US4708638A - Fluid fuel fired burner - Google Patents

Fluid fuel fired burner Download PDF

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Publication number
US4708638A
US4708638A US06/832,456 US83245686A US4708638A US 4708638 A US4708638 A US 4708638A US 83245686 A US83245686 A US 83245686A US 4708638 A US4708638 A US 4708638A
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US
United States
Prior art keywords
combustion air
flue
supply passage
gas
flame
Prior art date
Legal status (The legal status is an assumption and is not a legal conclusion. Google has not performed a legal analysis and makes no representation as to the accuracy of the status listed.)
Expired - Fee Related
Application number
US06/832,456
Inventor
John F. Brazier
Alan H. Young
John E. Viney
Gordon W. Sutton
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TAURANCA Ltd
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TAURANCA Ltd
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Filing date
Publication date
Priority to GB8504475 priority Critical
Priority to GB858504475A priority patent/GB8504475D0/en
Priority to GB8527477 priority
Priority to GB858527477A priority patent/GB8527477D0/en
Application filed by TAURANCA Ltd filed Critical TAURANCA Ltd
Assigned to TAURANCA LIMITED reassignment TAURANCA LIMITED ASSIGNMENT OF ASSIGNORS INTEREST. Assignors: BRAZIER, JOHN F., SUTTON, GORDON W., VINEY, JOHN E., YOUNG, ALAN H.
Publication of US4708638A publication Critical patent/US4708638A/en
Application granted granted Critical
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    • FMECHANICAL ENGINEERING; LIGHTING; HEATING; WEAPONS; BLASTING
    • F23COMBUSTION APPARATUS; COMBUSTION PROCESSES
    • F23CMETHODS OR APPARATUS FOR COMBUSTION USING FLUID FUEL OR SOLID FUEL SUSPENDED IN  A CARRIER GAS OR AIR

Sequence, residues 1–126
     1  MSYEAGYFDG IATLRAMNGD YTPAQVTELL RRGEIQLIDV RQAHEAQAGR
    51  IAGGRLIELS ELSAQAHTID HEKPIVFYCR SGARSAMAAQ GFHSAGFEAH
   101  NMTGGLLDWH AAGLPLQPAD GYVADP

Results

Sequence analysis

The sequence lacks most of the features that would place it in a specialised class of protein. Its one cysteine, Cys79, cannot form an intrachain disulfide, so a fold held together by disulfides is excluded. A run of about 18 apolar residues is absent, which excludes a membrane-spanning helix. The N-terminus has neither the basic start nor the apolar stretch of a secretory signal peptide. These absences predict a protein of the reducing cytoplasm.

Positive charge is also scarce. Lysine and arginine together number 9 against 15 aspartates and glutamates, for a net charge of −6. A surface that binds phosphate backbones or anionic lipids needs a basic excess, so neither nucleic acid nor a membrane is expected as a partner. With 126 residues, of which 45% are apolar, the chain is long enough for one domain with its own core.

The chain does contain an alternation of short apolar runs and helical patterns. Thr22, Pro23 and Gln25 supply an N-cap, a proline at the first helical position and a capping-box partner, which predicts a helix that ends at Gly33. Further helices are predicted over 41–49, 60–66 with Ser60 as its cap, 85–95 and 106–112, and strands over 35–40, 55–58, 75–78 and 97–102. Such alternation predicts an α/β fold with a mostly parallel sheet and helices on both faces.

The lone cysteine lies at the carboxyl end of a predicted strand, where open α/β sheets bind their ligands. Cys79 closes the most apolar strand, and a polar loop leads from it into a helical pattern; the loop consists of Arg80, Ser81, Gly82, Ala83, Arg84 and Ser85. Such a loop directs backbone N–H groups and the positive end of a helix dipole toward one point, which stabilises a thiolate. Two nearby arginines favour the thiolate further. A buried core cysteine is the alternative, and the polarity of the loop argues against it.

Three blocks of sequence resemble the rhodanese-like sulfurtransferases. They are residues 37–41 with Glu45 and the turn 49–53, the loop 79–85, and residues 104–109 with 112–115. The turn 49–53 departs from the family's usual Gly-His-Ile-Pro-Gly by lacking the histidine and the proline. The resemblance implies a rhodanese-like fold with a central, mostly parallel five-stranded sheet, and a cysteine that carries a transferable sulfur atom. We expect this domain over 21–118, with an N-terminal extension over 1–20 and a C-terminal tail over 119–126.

• F23C7/00Combustion apparatus characterised by arrangements for air supply
    • F23C7/002Combustion apparatus characterised by arrangements for air supply the air being submitted to a rotary or spinning motion
    • F23C7/004Combustion apparatus characterised by arrangements for air supply the air being submitted to a rotary or spinning motion using vanes
    • FMECHANICAL ENGINEERING; LIGHTING; HEATING; WEAPONS; BLASTING
    • F23COMBUSTION APPARATUS; COMBUSTION PROCESSES
    • F23CMETHODS OR APPARATUS FOR COMBUSTION USING FLUID FUEL OR SOLID FUEL SUSPENDED IN  A CARRIER GAS OR AIR 
    • F23C9/00Combustion apparatus characterised by arrangements for returning combustion products or flue gases to the combustion chamber
    • FMECHANICAL ENGINEERING; LIGHTING; HEATING; WEAPONS; BLASTING
    • F23COMBUSTION APPARATUS; COMBUSTION PROCESSES
    • F23DBURNERS
    • F23D11/00Burners using a direct spraying action of liquid droplets or vaporised liquid into the combustion space
    • F23D11/002Burners using a direct spraying action of liquid droplets or vaporised liquid into the combustion space spraying nozzle arranged within furnace openings
    • FMECHANICAL ENGINEERING; LIGHTING; HEATING; WEAPONS; BLASTING
    • F23COMBUSTION APPARATUS; COMBUSTION PROCESSES
    • F23CMETHODS OR APPARATUS FOR COMBUSTION USING FLUID FUEL OR SOLID FUEL SUSPENDED IN  A CARRIER GAS OR AIR 
    • F23C2202/00Fluegas recirculation
    • F23C2202/30Premixing fluegas with combustion air
    • FMECHANICAL ENGINEERING; LIGHTING; HEATING; WEAPONS; BLASTING